Tax Reform and the Market For Tax-Exempt Debt
This paper provides clear evidence that the yield spread between long-term taxable and tax-exempt bonds responds to changes in expected individual tax rates, a finding that refutes theories of municipal bond pricing that focus exclusively on commercial banks or other financial intermediaries. The results support the conclusion that in the two decades prior to 1986, the municipal bond market was segmented, with different investor clienteles at short and long maturities. The Tax Reform Act of 1986 is likely to affect this market, however, since it has restricted tax benefits from tax-exempt bond investment by commercial banks. Individual investors are increasingly important suppliers of capital to states and localities, and their tax rates are likely to be the primary determinant of the yield spread between taxable and tax-exempt interest rates in the future.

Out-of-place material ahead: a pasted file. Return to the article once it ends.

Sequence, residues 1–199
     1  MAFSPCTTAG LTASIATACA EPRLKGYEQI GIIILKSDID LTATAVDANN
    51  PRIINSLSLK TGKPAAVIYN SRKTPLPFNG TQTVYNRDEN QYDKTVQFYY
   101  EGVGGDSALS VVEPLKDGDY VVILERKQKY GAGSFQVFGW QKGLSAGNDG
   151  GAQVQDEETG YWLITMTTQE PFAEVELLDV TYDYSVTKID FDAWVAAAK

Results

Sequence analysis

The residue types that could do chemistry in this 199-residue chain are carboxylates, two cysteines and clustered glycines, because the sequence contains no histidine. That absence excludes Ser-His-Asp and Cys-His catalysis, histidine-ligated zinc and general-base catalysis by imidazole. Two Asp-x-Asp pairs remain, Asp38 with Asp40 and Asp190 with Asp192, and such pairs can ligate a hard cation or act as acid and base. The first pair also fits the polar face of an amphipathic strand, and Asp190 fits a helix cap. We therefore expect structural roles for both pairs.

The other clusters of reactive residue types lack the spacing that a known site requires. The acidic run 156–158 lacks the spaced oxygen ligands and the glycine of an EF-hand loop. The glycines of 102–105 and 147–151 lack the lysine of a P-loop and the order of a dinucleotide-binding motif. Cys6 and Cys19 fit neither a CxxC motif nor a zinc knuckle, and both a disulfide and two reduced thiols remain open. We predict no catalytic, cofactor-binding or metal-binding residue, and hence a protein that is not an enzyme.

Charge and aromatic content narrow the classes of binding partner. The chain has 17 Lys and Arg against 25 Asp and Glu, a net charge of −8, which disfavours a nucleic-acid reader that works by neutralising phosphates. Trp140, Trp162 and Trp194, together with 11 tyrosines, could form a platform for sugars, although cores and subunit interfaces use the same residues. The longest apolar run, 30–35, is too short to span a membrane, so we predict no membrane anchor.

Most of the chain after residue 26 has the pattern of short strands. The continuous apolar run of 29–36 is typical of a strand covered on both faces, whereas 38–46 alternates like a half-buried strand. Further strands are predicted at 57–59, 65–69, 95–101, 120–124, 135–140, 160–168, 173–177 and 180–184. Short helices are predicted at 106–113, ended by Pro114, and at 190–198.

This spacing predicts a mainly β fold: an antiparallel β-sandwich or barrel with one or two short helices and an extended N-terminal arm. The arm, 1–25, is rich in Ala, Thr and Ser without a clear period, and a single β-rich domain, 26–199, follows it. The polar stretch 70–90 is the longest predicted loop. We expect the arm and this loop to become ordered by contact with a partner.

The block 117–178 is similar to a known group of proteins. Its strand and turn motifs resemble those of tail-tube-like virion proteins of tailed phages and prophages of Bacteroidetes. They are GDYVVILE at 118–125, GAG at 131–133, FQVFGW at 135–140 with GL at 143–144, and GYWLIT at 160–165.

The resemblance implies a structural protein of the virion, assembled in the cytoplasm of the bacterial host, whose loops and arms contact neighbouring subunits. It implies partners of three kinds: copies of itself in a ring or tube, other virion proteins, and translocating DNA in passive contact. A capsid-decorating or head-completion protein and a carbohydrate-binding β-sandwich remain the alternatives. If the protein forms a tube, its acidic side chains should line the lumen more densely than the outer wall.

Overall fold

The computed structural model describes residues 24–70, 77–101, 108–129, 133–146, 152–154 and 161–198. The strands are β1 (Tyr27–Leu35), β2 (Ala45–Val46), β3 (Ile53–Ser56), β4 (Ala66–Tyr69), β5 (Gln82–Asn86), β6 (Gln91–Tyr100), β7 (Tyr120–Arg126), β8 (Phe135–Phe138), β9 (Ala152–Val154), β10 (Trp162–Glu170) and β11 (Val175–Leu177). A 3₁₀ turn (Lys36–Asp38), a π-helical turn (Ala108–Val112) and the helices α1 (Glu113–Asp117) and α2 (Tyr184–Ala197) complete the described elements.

|Date of creation:||Mar 1989|
|Date of revision:|
|Publication status:||published as Regional Science and Urban Economics, Vol. 19, No. 3, pp. 537-562, (August 1989).|
|Contact details of provider:|| Postal: National Bureau of Economic Research, 1050 Massachusetts Avenue Cambridge, MA 02138, U.S.A.|
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National Bureau of Economic Research, Inc.
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